Would these words of his November 13, 1977, homily be ever heard?

Do you want to know if your Christianity is genuine?
Here is the touchstone:
Whom do you get along with?
Who are those who criticize you?
Who are those who do not accept you?
Who are those who flatter you?
Know from that what Christ said once:
“I have come not to bring peace, but division.”
There will be division even in the same family,
because some want to live more comfortably
by the world’s principles,
those of power and money.
But others have embraced the call of Christ
and must reject all that cannot be just in the world.

This concerned me. 

When I heard of all the preparations for the event I wondered if the church would present a homogenized Romero.

The tension between a Romero who is "acceptable" to all and a Romero who is really Good News to the poor was present in the two days of celebration I attended. But I believe that the Romero of the poor rose up in the voices and hearts of the poor and those in solidarity with them.

The Vigil presented, for the most part, a Romero who was truly in solidarity with the poor.  It reflected his vision of Jesus:
“Christ appeared…with the signs of liberation: shaking off oppressive yokes, bringing joy to hearts, sowing hope. And this is what God is doing now in history.”
Even though a prominent cardinal praised Romero and his commitment to the poor, he referred to both Romero and his successor Monsenõr Rivera y Damas as “prudent.” 

This was in contrast to the chant later that evening, led by a prominent Jesuit that invoked Romero as courageous:
Romero valientecontigo está tu gente.Courageous Romero,Your people is with us.
Yet almost all the hymns of the Mass were from the Salvadoran and Nicaraguan campesino Masses. The opening hymn was from the Nicaraguan Mass: Vos sos el Dios de los pobres: You are the God of the poor.

The hymn places Jesus in the daily lives of the people, He is invoked as a worker, who sweats and struggles with the people. Jesus’ identification with the poor is complete:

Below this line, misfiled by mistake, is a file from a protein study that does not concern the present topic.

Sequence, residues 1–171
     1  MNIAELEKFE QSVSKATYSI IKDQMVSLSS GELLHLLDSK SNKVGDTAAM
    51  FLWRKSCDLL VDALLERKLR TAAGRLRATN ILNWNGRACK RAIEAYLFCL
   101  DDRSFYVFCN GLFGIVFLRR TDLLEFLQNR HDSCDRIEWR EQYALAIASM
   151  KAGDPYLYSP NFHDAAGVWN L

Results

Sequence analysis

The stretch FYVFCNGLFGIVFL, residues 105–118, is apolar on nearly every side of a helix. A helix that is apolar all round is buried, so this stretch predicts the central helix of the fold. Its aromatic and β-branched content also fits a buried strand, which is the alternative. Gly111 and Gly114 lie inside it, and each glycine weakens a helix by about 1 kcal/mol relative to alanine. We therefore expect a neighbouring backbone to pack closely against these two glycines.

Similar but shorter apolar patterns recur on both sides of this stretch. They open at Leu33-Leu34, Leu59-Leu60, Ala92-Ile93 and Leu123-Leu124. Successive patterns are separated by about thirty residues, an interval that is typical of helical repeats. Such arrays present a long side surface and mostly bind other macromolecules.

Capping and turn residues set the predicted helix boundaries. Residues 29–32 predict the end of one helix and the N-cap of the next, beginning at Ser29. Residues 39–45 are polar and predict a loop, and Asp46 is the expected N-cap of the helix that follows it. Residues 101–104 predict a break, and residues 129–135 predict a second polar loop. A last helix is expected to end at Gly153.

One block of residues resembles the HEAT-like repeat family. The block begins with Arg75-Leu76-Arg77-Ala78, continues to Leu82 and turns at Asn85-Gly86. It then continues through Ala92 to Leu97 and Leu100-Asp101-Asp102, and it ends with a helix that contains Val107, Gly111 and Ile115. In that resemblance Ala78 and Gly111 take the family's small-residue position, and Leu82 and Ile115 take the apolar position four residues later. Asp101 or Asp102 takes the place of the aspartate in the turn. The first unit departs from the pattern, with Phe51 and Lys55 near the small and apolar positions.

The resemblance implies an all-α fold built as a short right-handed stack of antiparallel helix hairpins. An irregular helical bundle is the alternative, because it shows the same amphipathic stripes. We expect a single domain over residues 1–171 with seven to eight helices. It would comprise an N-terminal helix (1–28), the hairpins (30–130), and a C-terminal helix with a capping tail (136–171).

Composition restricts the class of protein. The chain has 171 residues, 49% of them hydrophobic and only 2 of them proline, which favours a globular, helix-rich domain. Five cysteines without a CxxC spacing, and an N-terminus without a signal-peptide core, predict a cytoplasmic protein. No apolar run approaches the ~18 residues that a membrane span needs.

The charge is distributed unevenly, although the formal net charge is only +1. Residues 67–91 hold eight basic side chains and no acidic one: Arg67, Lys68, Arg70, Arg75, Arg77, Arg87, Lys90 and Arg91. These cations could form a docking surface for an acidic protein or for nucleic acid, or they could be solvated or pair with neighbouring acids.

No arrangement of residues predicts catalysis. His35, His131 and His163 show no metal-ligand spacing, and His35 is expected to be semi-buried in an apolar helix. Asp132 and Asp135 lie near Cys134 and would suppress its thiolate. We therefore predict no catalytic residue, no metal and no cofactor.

I have seen you in the corner store,… selling lottery tickets, checking car tires in a gas station…with leather gloves and overalls.
The hymns and songs of the evening celebrated a Christ and a Romero – as well as the martyrs of El Salvador and Guatemala –risking their lives for the poor.

The Mass of beatification was a little more subdued, but not as traditionalist as some had feared.

Before the Mass there were presentations on Romero as pastor, prophet, and martyr.  These were fairly good and included a sense of Romero’s commitment to the poor.

The Mass began, surprisingly, with the opening song of the Salvador Popular Mass, Vamos todos al banquete.

We are all going to the banquet
to the table of Creation;
everybody on a stool
with a place and a mission.

I get up very early:
the Community is waiting for me.
I go up to the Cathedral with joy,
searching for friendship.

God invites all the poor
to the common table of faith,
where there are no hoarders
and all have more than tortillas.

But the third verse was omitted:
God commands us to make of this world
a table where there is no inequality,
working and struggling together,
sharing our property.
That would be too much for some – especially some dignitaries and government officials.

Cardinal Angelo Amato who came in the name of the Pope spoke strongly of Romero’s witness and mentioned the witness of other American saints. He also noted “Heaven ought to begin here [on earth].”

Yet the Romero of the poor was especially present in the poor who remembered him and whom he defended and loved. And for many the rainbow ring around the sun that came at the almost the exact moment when Romero’s image was unveiled as a sign that the heavens also rejoiced at this remembrance of one who loved the poor.